I am unsure I can see the distinction you are drawing that helps you see FC2 as an expression of a vision but FC: P not. You might be too stubborn to see in some games what you see in others. I assume you want to play a game that is artful in the sense that it serves to evoke a particular experience or emotion in the player - if so, I agree that those that achieve this better than others are usually better games.

However, the "pure game" aspect you call contrived should not be discarded like you make it seem. It's what makes video games stand apart form other forms of art. I want to play, afterall, not watch a movie.
(11-22-2022, 09:50 AM)Hamamelis Wrote: [ -> ]I am unsure I can see the distinction you are drawing that helps you see FC2 as an expression of a vision but FC: P not. You might be too stubborn to see in some games what you see in others. I assume you want to play a game that is artful in the sense that it serves to evoke a particular experience or emotion in the player - if so, I agree that those that achieve this better than others are usually better games.

However, the "pure game" aspect you call contrived should not be discarded like you make it seem. It's what makes video games stand apart form other forms of art. I want to play, afterall, not watch a movie.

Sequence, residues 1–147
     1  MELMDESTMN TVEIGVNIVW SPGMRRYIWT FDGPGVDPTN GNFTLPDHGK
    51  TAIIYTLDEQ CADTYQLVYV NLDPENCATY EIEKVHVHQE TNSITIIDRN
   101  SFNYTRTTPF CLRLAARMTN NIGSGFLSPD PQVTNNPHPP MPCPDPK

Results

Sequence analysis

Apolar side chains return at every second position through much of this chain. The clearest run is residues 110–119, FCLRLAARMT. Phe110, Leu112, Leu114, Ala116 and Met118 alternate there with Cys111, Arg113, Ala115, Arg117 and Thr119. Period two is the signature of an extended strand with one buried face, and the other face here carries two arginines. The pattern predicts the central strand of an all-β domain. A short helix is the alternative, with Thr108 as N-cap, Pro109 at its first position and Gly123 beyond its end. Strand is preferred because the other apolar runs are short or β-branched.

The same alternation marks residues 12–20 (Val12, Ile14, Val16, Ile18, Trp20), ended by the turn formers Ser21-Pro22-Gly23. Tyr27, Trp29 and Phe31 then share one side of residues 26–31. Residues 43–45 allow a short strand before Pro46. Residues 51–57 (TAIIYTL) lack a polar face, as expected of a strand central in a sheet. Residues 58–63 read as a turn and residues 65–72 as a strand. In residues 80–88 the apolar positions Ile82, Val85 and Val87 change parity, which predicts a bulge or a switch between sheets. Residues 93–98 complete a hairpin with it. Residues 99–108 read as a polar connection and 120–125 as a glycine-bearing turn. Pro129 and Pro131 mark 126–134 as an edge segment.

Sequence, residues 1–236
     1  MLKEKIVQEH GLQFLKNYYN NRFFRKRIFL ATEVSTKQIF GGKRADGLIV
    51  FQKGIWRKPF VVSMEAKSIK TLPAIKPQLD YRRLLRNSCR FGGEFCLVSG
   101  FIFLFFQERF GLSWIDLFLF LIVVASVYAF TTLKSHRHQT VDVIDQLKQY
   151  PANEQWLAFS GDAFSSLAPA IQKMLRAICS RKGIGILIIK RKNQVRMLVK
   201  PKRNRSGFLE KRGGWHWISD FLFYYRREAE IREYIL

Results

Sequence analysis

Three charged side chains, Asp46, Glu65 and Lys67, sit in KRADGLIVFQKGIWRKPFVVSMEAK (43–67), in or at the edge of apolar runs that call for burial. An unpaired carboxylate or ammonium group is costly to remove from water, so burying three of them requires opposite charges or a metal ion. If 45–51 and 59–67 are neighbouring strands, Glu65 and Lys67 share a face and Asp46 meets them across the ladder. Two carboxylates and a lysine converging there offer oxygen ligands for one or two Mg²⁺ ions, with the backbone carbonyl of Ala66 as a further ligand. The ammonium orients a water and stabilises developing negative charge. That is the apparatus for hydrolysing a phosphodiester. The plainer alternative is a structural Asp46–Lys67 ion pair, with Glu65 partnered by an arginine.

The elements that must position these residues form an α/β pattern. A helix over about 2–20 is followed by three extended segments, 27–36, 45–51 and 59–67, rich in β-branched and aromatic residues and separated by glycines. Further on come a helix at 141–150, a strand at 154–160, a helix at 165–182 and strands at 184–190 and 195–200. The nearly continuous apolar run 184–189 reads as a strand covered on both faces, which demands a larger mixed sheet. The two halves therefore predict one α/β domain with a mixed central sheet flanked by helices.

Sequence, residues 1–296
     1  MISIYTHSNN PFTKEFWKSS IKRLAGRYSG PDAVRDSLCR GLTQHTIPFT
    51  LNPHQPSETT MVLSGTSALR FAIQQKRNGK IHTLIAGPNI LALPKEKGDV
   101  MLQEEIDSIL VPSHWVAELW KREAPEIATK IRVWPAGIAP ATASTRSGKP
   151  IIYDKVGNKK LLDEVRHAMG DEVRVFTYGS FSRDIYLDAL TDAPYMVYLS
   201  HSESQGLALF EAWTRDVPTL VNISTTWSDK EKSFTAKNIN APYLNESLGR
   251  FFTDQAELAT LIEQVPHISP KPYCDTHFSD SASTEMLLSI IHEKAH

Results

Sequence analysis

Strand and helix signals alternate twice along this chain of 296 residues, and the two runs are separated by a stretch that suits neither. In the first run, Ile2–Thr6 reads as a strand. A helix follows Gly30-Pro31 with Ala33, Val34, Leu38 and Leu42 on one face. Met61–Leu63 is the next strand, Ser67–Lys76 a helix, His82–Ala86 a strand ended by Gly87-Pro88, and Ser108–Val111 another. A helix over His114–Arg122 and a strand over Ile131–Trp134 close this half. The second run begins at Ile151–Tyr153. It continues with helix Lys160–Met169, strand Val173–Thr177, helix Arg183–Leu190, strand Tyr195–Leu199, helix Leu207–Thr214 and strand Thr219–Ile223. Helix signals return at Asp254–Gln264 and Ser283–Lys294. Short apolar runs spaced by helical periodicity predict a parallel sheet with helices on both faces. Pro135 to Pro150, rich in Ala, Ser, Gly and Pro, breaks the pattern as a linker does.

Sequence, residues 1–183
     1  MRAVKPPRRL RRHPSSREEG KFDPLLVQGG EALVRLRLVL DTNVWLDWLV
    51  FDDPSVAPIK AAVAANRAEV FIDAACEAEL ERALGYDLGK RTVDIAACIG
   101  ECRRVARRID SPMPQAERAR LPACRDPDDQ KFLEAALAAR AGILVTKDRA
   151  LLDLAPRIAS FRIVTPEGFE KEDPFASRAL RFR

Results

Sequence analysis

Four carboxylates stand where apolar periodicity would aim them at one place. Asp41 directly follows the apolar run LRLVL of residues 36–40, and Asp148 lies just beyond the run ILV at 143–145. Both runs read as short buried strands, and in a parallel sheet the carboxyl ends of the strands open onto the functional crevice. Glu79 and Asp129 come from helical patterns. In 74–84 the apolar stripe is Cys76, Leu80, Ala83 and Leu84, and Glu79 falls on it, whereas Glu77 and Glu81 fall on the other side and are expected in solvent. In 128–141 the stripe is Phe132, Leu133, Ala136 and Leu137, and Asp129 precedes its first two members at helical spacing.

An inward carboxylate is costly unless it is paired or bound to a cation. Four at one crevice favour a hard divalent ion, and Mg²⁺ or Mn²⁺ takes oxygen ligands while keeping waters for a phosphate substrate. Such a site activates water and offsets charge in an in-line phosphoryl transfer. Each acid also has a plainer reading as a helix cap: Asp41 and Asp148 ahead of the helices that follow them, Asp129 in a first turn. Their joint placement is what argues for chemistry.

FarCry2 has a very clear vision of the world behind it, and everything within the game is directed towards expressing that. Whereas most things done in most games are there for either "pure game" reasons or simply out of slavishness towards convention. "Clearing camps" is something you put in a game because it's something "gamers" recognise as an acceptable video game convention. It's what games do and it passes time so the gamer will take it.

In Farcry2 you cannot "clear camps". They are static emplacements in the world which contain no supernatural rewards as prizes for engagements. And you can't even secure yourself some peace by emptying them. They will always be re-manned shortly after clearing. Morons on /v/ and video essayists will call this bad game design, because their idea of games is something between "pure game" and some arbitrary collection of cargo culted elements of past games that marketers tell them are "classics". It's actually quite a good piece of design taken in consideration of the intention behind it. Which was to create an environment characterised by constant severe hostility which cannot be overcome, only survived within. A War in Farcry2 is not a mountain you climb to the top of one step at a time. It's a river, and you have to learn to swim in it.